Gospel Rest for Pulpit People

(This post was originally published on the new LifeWay blog, Facts and Trends, on August 21, 2018. You can find it here.)

Whoever wrote the song “Easy Like Sunday Morning” has never been a pastor. The struggle is real.

My husband has been in ministry much too long for me to carry an ounce of naivety about the toll it takes. Brothers, you bear quite the load, but there are strong, sure, everlasting arms underneath yours. As heavy as your ministerial calling is, Jesus has another calling for you: rest.

Dollars to doughnuts you’re aware of Matthew 11’s invitation to breathe. But many pastors have recreated the ending:

“Come to Me, all you who are weary and burdened, and I will give you rest. Take My yoke upon you and learn from Me, for I am gentle and humble in heart, and you will find rest for your souls… unless you’re a pastor.”

(Matthew 11:28-29, Revised Pastoral Version)

Why is it so easy to assume that Jesus’ offer of rest applies only to those in the pews, that it halts just short of the pulpit?

Unlike the Revised Pastoral Version, God didn’t exclude His under shepherds from this well of life. Rest is just as much for you as it is for everyone else (maybe even a bit more so since you’re responsible for setting the standard of resting well for your church). The gospel is our footing for stepping away and allowing the true Hero to do His work. Who else would be crazy enough to intentionally give up time in which the god of productivity could be served? This rest isn’t laziness—it’s worship, and it’s crucial.

Gospel rest for you might look like enjoying some physical downtime. According to a recent post by Thom Rainer, a third of the pastors interviewed regularly take fewer vacation days than their churches allow.* Brothers, your families (and your own hearts) need every break available. Jesus has promised to build His Church, and that includes you. Provide Him the whitespace to do in your life what you’d love to see Him do among your flock. The cross is big enough to cover your absence. Since Jesus is the great high priest, you don’t have to be.

You might need gospel rest that leans more toward preparing the message God has given you without any fear of negative feedback, a sort of mental rest. Have you ever felt devastated by that one person picking apart your sermon? Because of Jesus, no barbed comment or litany of condemnation has the power to demolish your identity. Christ is perfect in your place. Nothing you do can take away from His record. When this truth sinks in, all judgment rolls off. Faithful, fearless preaching becomes a happy offering to the Lord. Your mind softens to His guidance, the defenses drop, and you’re able to bless others as He’s blessed you: freely and joyfully.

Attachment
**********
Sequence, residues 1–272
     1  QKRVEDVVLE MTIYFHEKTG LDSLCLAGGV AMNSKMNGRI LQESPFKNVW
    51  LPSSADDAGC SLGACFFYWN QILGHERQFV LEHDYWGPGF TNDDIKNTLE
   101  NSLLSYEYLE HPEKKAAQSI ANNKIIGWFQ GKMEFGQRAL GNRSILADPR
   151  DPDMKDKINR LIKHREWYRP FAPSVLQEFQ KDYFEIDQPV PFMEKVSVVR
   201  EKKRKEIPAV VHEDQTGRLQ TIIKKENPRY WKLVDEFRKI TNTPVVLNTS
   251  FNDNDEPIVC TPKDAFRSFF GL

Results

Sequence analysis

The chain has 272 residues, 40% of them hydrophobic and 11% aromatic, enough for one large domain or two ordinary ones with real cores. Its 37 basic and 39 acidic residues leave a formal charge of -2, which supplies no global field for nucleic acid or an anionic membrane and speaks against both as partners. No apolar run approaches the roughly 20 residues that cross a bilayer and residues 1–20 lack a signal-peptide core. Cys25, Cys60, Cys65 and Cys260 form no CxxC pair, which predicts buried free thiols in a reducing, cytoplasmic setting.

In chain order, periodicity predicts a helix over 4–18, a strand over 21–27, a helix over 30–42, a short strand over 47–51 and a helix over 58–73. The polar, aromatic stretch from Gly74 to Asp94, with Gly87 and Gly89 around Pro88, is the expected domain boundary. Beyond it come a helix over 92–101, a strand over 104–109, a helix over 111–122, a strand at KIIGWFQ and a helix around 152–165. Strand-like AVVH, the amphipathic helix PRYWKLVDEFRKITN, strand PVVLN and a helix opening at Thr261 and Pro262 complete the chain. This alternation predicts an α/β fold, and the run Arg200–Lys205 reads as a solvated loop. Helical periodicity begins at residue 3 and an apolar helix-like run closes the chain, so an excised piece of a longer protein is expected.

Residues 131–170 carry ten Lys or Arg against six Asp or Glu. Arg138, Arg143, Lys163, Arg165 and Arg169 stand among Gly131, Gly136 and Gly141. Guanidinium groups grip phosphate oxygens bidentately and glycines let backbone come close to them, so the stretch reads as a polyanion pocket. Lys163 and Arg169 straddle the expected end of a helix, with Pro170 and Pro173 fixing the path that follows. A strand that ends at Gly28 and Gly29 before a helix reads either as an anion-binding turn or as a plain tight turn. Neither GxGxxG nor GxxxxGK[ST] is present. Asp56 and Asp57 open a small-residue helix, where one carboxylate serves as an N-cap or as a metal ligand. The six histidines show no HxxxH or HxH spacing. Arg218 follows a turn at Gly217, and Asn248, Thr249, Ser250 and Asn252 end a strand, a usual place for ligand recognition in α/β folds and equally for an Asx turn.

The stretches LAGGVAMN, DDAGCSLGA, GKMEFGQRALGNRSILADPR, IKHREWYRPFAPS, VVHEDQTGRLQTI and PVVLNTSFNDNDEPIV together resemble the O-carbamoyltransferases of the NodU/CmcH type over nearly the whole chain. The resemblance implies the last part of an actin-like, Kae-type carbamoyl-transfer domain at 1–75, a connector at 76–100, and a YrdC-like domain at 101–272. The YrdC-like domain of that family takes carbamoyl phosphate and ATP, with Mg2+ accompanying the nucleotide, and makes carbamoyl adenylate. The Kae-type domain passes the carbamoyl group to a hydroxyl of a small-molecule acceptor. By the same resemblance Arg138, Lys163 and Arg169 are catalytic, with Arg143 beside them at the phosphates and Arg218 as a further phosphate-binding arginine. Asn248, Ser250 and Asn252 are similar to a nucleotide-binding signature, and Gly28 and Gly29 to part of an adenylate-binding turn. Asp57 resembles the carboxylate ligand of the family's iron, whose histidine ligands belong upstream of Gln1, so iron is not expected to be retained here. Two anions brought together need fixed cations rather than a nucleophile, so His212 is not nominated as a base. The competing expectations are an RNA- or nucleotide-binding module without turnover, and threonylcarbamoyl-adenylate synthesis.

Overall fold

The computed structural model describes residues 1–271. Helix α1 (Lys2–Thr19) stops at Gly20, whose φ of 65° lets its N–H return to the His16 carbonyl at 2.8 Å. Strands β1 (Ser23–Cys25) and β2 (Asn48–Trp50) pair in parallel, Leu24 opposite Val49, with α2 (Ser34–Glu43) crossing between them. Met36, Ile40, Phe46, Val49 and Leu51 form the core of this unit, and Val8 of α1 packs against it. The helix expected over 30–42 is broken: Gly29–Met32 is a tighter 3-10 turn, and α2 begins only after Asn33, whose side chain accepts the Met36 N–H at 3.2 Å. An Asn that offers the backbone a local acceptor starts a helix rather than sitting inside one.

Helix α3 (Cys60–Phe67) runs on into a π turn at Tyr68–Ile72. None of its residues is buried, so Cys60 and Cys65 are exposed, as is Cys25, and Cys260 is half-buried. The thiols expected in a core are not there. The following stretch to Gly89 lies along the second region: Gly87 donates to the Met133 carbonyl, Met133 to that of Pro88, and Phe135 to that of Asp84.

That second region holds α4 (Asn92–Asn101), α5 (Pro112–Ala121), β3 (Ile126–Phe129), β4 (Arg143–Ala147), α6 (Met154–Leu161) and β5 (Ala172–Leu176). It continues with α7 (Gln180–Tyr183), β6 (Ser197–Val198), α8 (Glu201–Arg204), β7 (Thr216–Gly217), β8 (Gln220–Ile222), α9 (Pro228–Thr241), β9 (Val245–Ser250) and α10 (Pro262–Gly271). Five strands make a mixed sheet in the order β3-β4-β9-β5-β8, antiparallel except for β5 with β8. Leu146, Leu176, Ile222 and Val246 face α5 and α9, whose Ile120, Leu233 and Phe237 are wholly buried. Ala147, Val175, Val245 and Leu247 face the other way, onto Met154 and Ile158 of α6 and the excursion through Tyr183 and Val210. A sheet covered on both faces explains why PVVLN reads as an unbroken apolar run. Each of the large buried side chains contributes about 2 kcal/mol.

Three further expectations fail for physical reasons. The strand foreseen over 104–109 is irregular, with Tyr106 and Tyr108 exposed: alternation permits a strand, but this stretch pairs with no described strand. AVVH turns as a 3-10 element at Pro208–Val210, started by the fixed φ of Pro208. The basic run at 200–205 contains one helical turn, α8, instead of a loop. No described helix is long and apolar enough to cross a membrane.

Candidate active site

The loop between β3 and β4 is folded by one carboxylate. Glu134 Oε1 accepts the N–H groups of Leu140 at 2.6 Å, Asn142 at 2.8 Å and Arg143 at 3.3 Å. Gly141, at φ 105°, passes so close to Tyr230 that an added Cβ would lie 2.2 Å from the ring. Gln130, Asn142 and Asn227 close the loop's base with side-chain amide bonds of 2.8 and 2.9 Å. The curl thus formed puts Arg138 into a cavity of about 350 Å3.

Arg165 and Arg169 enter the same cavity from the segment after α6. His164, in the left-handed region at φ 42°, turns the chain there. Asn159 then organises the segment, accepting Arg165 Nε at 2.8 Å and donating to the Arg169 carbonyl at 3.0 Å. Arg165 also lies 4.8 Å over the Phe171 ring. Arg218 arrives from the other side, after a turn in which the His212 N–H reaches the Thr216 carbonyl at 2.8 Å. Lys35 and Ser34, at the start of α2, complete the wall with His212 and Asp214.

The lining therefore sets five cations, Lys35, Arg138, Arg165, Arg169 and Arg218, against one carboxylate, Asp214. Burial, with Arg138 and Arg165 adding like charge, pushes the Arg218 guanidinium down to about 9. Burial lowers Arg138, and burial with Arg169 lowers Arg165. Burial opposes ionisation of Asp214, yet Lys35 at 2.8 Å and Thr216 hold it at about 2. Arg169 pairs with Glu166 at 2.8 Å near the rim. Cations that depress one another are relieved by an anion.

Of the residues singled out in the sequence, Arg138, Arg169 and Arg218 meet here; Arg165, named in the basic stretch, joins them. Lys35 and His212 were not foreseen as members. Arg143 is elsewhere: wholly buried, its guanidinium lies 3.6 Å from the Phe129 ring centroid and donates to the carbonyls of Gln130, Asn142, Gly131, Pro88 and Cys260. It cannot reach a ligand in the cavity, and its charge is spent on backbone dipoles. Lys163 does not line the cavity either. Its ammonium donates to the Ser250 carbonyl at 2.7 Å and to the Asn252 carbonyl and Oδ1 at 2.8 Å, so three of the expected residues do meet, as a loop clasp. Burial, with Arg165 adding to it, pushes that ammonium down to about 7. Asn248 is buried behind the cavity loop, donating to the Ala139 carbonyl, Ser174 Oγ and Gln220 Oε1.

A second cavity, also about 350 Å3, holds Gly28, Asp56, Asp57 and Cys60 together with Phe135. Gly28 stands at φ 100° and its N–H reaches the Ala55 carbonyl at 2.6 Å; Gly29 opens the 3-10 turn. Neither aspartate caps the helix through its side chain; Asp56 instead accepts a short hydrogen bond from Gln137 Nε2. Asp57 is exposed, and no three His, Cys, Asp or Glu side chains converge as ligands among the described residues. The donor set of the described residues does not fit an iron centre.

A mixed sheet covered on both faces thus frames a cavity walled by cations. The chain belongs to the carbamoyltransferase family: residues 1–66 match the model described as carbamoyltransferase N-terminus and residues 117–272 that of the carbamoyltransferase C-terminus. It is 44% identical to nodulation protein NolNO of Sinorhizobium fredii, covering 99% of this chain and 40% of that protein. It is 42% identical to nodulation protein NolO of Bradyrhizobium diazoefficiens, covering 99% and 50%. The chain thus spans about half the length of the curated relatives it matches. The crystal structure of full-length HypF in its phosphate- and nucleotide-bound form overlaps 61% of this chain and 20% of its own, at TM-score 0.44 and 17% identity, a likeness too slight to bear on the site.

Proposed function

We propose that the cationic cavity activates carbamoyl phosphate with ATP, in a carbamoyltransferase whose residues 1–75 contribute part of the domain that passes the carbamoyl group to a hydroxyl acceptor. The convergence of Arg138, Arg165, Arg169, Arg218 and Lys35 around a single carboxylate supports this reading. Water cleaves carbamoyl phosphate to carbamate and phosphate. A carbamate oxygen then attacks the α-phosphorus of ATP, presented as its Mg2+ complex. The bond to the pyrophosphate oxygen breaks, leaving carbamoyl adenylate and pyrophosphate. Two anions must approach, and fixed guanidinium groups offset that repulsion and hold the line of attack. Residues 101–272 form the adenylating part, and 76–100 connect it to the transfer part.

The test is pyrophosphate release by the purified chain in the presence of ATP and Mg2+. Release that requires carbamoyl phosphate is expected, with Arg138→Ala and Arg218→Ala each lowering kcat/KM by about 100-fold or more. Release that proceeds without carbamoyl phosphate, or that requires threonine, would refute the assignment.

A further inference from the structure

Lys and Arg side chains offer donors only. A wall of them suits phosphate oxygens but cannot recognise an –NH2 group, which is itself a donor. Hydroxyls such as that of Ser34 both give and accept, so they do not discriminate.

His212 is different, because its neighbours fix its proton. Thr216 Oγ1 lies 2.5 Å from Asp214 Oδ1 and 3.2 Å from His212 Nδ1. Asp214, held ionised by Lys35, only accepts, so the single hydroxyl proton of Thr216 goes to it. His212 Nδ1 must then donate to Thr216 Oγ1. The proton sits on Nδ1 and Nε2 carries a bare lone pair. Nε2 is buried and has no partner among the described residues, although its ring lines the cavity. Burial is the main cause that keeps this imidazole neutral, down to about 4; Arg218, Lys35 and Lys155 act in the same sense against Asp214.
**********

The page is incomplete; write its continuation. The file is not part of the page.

Or maybe gospel rest for you is preaching your heart out with no hunger for praise, an emotional rest. This releasing the need to impress is the flip side of fearing negativity. Counting compliments is just as damaging to the soul as counting complaints—both center around the cancer of pride, whether wounded or bolstered. How deeply might your heart inhale knowing you greatly please the Lord week after week, and He couldn’t be prouder of you? This is the standing you’ve been given in Christ. The striving for public applause can cease as you humbly bring the Word with a confidence rooted in the Lord rather than in your preparation or delivery.

Perhaps the most crucial aspect of gospel rest for you is dropping the act of “he who has it all together” and being real about your struggles and triumphs, a spiritual rest. Your church doesn’t need you to be a perfect pastor; your church needs you to be a pastor who repents well. If that becomes the new rubric, imagine the kind of grace that would flow down the streets of your town. The gospel enables truthtelling because your identity doesn’t spring from how good you are but how good Jesus was on your behalf. Grateful honesty is one of the most profound resources of the gospel.

God has always been after your heart. Your pastoral work is meant to be a blessing to you as well as to your congregation. Of course it’s a lifestyle that keeps you needy and desperate. This state introduced you to the kingdom in the first place, and it’s the best way to continue growing. But your “job”—the people, the Word, the needs—it’s a good gift from a good Father who desires you to rest in Him. Sink into those everlasting arms. They hold the world, they hold the Church, and they hold you.


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